School strikes, environmental theology and Psalm 8

By Charlee New 25 Feb 2019

Youth strikes for climate happened across the country on 15th Feb 2019, including the strike pictured here in Cambridge (photo by Alexander Welbourne)

The last few months have been significant for youth environmental activism. Inspired by sixteen-year-old activist Greta Thunberg, tens of thousands of schoolchildren across the world have been striking from school in protest over climate change.

This is not an exaggeration; in the February 15th strikes (according to the protest organisers) there were an estimated 31,000 young people striking in the UK and Germany alone. The movement is spreading to places as diverse as Japan, Colombia and Thailand. Another global schools' strike is being coordinated for 15th March, and if the gathering momentum since last November is any indication, it’s going to be a big one.

With boldness and passion, young people are protesting for a change in environmental policy and education. In the UK there are four demands being made by students:

  1. The government should declare a 'climate emergency'
  2. It should also inform the public about the seriousness of the situation
  3. The national curriculum should be reformed to include 'the ecological crisis'
  4. The age of voting should be lowered to 16 so younger people can be involved in decision-making around environmental issues.

If you're wondering where this conviction comes from, and whether to affirm it as Christians, there is (as ever) wisdom to be sought in the Bible. Let's take a moment to sit with scripture and listen for its wisdom on the relationship between mankind, creation and God, before returning to consider the youth strikes.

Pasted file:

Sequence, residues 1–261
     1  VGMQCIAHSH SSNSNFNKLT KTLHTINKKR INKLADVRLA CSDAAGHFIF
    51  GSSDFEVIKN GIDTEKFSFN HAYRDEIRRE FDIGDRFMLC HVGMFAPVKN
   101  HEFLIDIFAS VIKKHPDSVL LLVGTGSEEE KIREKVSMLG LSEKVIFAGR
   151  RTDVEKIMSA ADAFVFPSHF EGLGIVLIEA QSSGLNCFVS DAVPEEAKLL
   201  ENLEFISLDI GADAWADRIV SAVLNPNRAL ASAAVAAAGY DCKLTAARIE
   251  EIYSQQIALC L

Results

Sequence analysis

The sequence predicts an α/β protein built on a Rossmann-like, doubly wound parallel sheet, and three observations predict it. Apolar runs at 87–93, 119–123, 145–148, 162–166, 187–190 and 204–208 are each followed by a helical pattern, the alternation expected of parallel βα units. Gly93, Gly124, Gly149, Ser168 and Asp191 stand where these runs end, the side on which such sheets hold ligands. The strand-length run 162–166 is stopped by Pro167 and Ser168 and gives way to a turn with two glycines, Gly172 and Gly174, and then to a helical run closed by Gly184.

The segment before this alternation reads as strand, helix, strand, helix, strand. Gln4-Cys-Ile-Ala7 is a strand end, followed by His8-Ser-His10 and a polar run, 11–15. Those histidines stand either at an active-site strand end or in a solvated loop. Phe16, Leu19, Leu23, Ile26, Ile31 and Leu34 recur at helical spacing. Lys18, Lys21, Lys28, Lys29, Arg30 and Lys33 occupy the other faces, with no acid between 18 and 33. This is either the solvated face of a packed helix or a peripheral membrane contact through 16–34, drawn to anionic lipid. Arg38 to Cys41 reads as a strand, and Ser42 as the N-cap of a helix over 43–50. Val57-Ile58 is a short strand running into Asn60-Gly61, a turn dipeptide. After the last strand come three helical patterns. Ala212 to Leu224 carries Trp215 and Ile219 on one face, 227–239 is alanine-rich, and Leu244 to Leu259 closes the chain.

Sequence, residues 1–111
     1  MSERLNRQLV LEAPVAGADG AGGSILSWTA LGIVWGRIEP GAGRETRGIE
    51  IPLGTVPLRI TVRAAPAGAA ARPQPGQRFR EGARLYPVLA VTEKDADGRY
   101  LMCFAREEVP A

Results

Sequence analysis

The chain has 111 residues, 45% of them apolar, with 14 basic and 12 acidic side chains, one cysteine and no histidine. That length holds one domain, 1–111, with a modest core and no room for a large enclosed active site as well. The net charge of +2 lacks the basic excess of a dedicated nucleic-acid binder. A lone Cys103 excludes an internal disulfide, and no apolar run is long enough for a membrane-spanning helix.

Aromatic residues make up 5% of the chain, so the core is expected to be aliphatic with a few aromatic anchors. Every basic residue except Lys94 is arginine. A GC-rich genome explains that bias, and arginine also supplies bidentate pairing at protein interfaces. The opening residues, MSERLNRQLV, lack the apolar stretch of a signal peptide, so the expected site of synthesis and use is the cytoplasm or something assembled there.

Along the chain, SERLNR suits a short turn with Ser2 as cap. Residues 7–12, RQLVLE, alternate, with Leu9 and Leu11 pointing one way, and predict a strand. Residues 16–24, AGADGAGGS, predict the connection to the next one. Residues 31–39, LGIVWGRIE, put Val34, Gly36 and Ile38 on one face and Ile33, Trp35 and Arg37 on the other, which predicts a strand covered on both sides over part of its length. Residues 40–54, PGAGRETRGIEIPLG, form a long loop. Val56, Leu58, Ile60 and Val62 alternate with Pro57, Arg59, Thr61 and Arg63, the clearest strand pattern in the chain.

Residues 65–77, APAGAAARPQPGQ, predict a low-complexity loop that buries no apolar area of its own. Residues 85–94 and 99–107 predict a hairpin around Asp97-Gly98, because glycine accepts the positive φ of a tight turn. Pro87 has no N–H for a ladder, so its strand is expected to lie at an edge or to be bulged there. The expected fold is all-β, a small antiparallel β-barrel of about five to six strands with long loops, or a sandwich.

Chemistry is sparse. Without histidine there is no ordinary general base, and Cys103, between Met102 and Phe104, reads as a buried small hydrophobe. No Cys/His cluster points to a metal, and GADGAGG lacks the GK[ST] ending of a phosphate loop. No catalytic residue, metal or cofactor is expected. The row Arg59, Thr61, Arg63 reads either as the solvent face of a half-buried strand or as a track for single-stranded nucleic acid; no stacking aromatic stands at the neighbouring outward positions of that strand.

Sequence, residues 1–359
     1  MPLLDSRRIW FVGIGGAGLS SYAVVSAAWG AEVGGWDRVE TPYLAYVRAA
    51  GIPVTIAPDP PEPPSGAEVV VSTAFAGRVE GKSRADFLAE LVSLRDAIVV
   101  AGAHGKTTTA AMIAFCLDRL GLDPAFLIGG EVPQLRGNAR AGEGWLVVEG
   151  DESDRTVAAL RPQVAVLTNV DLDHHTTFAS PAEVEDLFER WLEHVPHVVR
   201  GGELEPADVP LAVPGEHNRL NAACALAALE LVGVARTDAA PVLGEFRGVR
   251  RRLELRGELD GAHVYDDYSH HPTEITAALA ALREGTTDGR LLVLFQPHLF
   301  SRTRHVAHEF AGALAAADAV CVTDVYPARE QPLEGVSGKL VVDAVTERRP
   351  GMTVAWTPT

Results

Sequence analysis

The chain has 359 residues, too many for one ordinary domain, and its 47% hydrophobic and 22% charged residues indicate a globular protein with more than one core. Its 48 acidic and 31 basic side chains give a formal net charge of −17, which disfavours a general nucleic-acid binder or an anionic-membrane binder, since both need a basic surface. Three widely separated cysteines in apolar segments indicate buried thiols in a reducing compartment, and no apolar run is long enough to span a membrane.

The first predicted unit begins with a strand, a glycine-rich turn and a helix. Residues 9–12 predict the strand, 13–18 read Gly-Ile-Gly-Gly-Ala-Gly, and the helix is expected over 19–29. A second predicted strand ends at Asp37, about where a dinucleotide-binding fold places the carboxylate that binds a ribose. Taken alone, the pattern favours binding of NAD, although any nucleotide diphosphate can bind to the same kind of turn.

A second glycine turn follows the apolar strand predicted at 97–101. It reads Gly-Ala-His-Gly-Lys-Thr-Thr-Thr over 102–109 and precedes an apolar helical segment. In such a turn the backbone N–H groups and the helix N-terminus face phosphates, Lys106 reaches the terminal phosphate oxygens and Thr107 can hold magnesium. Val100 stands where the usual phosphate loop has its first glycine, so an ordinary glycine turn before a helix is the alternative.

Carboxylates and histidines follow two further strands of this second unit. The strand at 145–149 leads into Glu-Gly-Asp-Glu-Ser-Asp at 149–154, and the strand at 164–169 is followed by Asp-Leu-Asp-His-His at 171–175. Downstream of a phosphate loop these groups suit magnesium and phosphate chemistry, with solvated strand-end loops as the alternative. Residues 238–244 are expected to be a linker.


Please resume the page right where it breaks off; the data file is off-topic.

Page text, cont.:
Walking through Psalm 8

For now, will you walk slowly with me through Psalm 8? This might feel a little different to how we usually do things on the Jubilee Centre blog, but we’re going to take an imaginative walk through the psalm. In many ways, Psalm 8 considers the ‘Creation Mandate’ (Genesis 1:28) and re-works it through the eyes of an individual, the psalmist. It lets us feel the emotional weight of our place in creation, and as such, can bring fresh revelation.

Let’s start by pausing, breathing deeply and starting to think—not of yourself, but of the earth. You picture in your mind’s eye geysers and glaciers, foxes and rainforests, blue skies and orange deserts. And you consider the one who made it—this tremendous diversity and colour and life—and think: Lord, our Lord, how majestic is your name in all the earth! (Ps. 8.1)

Then, imagine you’re in a field. Your boots stick in the mud, there’s a chill in the air and the night sky is splashed above you. It’s cloudless and dark, so you can see clearly that the sky is purple with galaxies and packed full of stars. You tip your head back, to take it all in (though you can’t see it all, there's too much to see) and you look deep in wonder. You have set your glory in the heavens. (Ps. 8.1) When I consider your heavens, the work of your fingers, the moon and the stars, which you have set in place… (Ps. 8.3)

And you see the distance and you remember the science. That the light of the stars has travelled billions of miles in distance and thousands of years in time. And you’re aware of your limited self, in a frail human body, next to the scale that you’re seeing. The scale that tells you something of God. What is mankind that you are mindful of them, human beings that you care for them? (Ps. 8.4)